Nationwide Mutual Insurance Co. uses software from Good Technology Inc. to carve out a part of an employee's device strictly for corporate use. Guru Vasudeva, chief technology officer of Nationwide, calls the portion a "secure container" within the phone that houses access to corporate email, address book and calendar. Work emails and attachments can be viewed in the container, but can't be moved or downloaded into the phone itself. If the phone is lost or if the person leaves the company, Nationwide can wipe that portion of the device, leaving the personal information intact.

Beyond the typical password found on a cellphone, the container has its own password, and the data inside are encrypted, says Vasudeva.

"We looked for a technical solution with the flexibility to allow what [the employees] want, but at the same time meet all regulatory and technical requirements," says Vasudeva.



Dealing With Variety

Beyond security, there are lots of technical headaches with workers using their own devices on the job. For one, compatibility. With a wide variety of devices using different operating systems, it takes lots of time and resources to build and test a different version of the same application for every single one.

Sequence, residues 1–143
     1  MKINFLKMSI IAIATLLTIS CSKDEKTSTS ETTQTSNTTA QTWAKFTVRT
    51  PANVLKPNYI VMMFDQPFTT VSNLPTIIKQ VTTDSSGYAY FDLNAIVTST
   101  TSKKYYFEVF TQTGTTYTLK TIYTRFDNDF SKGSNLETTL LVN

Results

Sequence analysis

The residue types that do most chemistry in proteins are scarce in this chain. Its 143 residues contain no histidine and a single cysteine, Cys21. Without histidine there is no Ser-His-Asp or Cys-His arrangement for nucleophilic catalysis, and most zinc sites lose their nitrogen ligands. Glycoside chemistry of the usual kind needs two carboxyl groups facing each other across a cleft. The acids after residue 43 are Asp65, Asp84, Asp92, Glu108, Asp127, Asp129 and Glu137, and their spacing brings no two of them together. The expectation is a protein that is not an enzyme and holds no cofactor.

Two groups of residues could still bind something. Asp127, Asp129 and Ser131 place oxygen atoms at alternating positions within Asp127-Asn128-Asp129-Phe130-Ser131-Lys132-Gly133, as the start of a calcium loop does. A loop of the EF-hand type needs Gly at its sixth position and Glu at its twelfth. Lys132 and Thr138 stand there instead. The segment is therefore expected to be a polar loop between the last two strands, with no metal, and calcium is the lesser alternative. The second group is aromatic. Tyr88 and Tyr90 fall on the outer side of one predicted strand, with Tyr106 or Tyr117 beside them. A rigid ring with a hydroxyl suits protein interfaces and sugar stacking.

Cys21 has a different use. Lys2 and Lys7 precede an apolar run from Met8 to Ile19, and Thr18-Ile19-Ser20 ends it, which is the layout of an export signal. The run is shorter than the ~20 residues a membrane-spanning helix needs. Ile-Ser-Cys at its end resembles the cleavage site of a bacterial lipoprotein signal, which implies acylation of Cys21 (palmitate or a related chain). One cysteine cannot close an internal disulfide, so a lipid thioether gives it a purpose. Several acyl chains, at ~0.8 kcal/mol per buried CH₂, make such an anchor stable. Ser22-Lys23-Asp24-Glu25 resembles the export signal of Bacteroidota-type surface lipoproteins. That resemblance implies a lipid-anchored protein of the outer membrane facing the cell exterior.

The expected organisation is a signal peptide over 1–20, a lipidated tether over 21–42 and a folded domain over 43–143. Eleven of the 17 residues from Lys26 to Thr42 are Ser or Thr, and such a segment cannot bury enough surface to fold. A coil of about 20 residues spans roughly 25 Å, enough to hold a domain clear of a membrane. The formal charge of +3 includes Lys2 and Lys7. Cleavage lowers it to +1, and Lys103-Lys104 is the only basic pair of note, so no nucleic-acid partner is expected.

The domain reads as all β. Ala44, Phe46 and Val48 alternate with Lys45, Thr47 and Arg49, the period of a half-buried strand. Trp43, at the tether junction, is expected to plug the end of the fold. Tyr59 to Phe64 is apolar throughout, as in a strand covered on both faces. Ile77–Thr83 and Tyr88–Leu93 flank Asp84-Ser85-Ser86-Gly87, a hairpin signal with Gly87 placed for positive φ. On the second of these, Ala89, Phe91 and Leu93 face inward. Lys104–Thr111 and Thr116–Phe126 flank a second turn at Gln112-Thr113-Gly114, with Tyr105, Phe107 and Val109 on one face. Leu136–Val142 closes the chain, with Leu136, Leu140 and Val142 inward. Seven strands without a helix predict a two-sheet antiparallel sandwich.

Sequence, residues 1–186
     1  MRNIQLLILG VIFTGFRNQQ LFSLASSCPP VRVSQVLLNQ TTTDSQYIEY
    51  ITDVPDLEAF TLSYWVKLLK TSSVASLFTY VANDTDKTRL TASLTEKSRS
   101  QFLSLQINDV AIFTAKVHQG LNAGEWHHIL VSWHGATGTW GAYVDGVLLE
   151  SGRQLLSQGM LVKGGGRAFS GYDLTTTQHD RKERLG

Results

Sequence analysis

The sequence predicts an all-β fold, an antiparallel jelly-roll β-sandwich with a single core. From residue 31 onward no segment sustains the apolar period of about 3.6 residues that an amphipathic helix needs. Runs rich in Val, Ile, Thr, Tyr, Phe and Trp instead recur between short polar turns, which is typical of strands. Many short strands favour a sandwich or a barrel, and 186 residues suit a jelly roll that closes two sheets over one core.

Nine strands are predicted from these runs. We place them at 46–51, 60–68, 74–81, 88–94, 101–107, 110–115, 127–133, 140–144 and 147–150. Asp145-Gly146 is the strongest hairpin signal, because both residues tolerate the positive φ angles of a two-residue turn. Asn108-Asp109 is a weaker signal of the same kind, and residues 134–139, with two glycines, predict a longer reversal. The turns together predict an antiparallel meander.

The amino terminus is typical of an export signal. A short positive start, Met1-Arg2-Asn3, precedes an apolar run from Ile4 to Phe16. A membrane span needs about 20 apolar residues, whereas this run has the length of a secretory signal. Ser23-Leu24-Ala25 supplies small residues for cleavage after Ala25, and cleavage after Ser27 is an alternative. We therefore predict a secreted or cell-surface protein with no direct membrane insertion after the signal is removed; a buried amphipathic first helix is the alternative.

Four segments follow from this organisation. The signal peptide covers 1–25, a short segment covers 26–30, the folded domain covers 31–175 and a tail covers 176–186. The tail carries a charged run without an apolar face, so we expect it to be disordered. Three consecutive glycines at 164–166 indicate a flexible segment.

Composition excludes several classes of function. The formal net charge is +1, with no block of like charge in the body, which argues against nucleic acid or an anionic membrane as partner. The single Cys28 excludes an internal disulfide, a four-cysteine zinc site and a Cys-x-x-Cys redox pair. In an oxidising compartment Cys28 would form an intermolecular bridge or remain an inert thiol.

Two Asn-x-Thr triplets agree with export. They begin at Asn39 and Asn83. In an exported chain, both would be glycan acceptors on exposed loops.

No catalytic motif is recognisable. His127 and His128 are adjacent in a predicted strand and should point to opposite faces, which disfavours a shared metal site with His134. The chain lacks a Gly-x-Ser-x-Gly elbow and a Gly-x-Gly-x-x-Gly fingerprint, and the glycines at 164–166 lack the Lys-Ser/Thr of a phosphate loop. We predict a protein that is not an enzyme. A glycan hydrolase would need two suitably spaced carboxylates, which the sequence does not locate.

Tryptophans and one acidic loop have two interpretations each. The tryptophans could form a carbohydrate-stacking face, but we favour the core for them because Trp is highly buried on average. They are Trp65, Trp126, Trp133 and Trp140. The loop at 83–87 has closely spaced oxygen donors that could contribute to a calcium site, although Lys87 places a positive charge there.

For the time being, most companies are trying to avoid those headaches by keeping things simple. Workers who use their own smartphones generally can get access only to the company email network -- not any other work software. The more complicated stuff, such as apps that provide access to company software and databases, is generally limited to the widely used BlackBerry platform.

Kimberly-Clark is looking to partners such as AT&T Inc. to help it create a mobile-enterprise-application platform. This relatively new technology allows a company to create one app and have it run on all devices. For instance, a company could create an app that accesses customer-relationship-management software in the corporate database and have it distributed to all sales personnel, regardless of their phones. By using the technology, the company "gains the ability to effectively manage the cost of supporting many different devices," Baez says.



A Virtual Solution